Online check-in wasn’t available because of Japan’s entry requirements around proof of vaccination. Since the country’s reopening, travelers need to spend some time getting to know the Visit Japan web system several days before their flight. Its separate QR codes function as proof of vaccination, immigration and customs forms. The authorities validate each stage online before moving on to the next, meaning everyone must check back in an hour or two to see whether the documents have been accepted. Overall, it took an afternoon (on and off) to complete all the steps, with a couple of issues needing to be resolved. Top tip: Do this on your smartphone and make a note of your login somewhere that is easy to access. At the airport, there was no line for boarding, with multilingual staff quickly scanning my Visit Japan QR vaccination code, affixing luggage tags to my bag, and issuing my boarding pass.
Slightly frustratingly, the airline did not post a 30-minute boarding delay on the airport screens, so I ended up cooling my heels at the gate. However, despite a delay in boarding, First Class had a separate boarding door, which quickly started the serenity of Japan Airlines’ First Class.
First Class on Japan Airlines—available on all its Boeing 777-300ERs, which fly long-haul routes including to the U.S. and Europe—is called the JAL Suite. Even though it doesn’t have doors, it’s still very private. I’ve flown it before and enjoy it, mainly because everything is elegantly simple, with a minimum of flashy bells and whistles.
There’s ample storage, including space for large carry-ons beneath the seat in front and large side compartments for handbags, phones and so on. It’s infinitely adjustable from fully upright to fully flat, with a great leg rest that allows you to choose a variety of positions as you nestle your way to and from Tokyo.
The large table pulls down smoothly and enables partner dining, while the fully flatbed is comfortable and features a choice of a firm or soft Airweave mattress, on which I got a good night’s sleep. The only thing to note is that the screen feels a little small compared with more modern seats, and the power socket is quite distant from the seat, so make sure to bring a longer cord.
Japanese hospitality is excellent at making one feel immediately relaxed. As I sank into my seat, the crew presented comfortable pajamas, a Zero Halliburton amenity kit, a Shiseido Men facial care kit and the First Class folio containing the menu, wine list and complimentary Wi-Fi code for the flight. (Wi-Fi verdict: acceptable—nothing to write home about, but it worked for emails and socials.)
The food and wine were exquisite. While JAL still serves the most expensive champagne in the sky, Salon, outbound from Tokyo, it varies its inbound bottles. Featured on my flight was the 2007 vintage prestige cuvée from the top-notch Billecart-Salmon champagne house, the Cuvée Nicolas François. The Taittinger Comtes de Champagne wasn’t available, but Drappier’s prestige cuvée Grande Sendrée of the 2012 vintage more than made up for it.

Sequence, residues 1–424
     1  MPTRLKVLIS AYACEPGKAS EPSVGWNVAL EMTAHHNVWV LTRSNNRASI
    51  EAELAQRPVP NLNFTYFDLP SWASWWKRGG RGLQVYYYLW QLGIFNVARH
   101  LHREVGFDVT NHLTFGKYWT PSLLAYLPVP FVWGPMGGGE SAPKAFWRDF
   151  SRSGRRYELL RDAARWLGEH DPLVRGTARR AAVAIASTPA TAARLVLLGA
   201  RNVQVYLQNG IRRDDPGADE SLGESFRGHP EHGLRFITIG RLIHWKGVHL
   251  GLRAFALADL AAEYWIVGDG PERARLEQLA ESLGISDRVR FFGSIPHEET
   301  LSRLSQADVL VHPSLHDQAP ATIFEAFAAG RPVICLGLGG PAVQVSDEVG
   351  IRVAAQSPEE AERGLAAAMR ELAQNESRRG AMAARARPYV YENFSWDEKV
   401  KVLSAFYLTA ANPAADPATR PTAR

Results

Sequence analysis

The rest of the extensive wine list was a joy to explore on what is now—due to the overflight ban on Russia—a delightfully long 13-plus-hour flight. I was impressed that in addition to the standard Bordeaux, JAL is working with New World wine producers Igai Takaha in California and Kusuda in New Zealand, who have Japanese connections.
Sake and shochu are, of course, also available. They pair well with the splendid eight-course kyo-kaiseki-style tasting menu—hands down the best dinner I have ever had on an airplane. Be sure to preselect the Japanese menu online before your flight to ensure that you, too, can have this joy.
But the standout on this flight was JAL’s fantastic crew, who exemplified signature Japanese omotenashi, the kind of warm, personable hospitality you would find in a traditional ryokan hotel. The service was outstanding, down to the practiced present-pour-present of the champagne and the subtle JAL logo on the glass always facing you. The side area next to the First Class door of the aircraft featured a charming and changing seasonal tablescape, with a lovely Japanese fabric cloth, pictures of Japan, and, variously, cognac with glasses, a small coffeepot, and elegant snacks.
There’s no priority arrivals lane at Tokyo Haneda, and when I arrived early in Japan’s reopening, the passport process was a bit of a line-up-and-wait affair. It was well organized, with multilingual staffers pointing you in the right direction as you first presented the vaccination QR code. The immigration QR code is at the passport desk, then the customs QR code at the new customs kiosks. From the snaking line, though, I did spot my bag pop out third onto the conveyor belt—with handles facing forwards, as is the Japanese style—although by the time I got there my bag (and all the others with First Class tags) had been taken off the belt and neatly grouped, ready to roll, for my convenience.
JAL’s First Class flies under the radar. The seat, while not a doored suite, is immensely comfortable, the food is exquisite, the beverage list impressive, the cabin crew delightful, and the overall experience an absolute joy. I would happily choose it over almost any other First Class experience.
Elegantly refined service, getting immediately into the mood of being in Japan, and great sleep
13 hours, two minutes